Speed Reads

an ancient mystery

Archaeologists uncover 'extremely important' ancient tomb in Greece

Archaeologists in northern Greece have unearthed an ancient burial site that likely dates back to 325-300 B.C., built after the death of Alexander the Great.

The heavily guarded tomb should be opened within the next two weeks, The Associated Press reports. The archaeologists have already uncovered steps that lead to a path surrounded by masonry walls and an arch covering two sphinxes.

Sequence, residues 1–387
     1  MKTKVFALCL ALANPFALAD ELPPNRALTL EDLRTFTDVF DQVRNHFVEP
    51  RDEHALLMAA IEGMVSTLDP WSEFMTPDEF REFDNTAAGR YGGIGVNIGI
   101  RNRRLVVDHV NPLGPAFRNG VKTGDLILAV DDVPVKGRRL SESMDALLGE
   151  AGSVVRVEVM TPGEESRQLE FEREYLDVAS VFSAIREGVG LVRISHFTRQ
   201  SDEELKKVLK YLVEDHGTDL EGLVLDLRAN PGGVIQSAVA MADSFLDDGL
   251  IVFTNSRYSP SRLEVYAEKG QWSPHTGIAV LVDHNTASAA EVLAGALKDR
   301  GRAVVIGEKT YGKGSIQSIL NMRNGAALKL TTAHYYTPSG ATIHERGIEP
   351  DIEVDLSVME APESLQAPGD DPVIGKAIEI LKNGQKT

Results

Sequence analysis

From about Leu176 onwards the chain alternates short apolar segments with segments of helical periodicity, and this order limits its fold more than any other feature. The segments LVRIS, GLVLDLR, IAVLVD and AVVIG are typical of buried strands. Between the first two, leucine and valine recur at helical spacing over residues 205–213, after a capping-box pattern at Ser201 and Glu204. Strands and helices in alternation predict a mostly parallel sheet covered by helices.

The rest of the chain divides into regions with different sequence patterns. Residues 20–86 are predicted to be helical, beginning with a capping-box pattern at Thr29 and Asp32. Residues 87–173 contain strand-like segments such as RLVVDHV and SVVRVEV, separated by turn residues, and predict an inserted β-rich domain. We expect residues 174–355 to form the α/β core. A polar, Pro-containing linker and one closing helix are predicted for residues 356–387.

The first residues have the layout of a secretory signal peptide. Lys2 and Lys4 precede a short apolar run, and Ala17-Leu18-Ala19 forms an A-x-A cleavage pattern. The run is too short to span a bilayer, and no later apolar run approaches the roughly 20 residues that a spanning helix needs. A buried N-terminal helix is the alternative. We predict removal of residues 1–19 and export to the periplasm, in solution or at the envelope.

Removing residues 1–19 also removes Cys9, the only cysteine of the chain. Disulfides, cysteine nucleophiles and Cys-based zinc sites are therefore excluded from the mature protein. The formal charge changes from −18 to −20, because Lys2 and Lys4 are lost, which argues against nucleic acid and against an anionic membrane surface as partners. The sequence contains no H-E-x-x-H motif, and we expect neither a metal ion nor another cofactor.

On Tuesday, Prime Minister Antonis Samaras visited the site, and said the tomb is "clearly extremely important." Experts are still trying to determine who the tomb belonged to, with some saying it was a senior official. Excavator Katerina Peristeri believes that the mound was once home to a large stone lion that was discovered about 3 miles away 100 years ago. The lion has been associated with Laomedon of Mytilene, a military commander of Alexander's who became governor of Syria. It's likely the mystery will be solved soon. "The excavation will answer the crucial question of who was buried inside," Samaras said.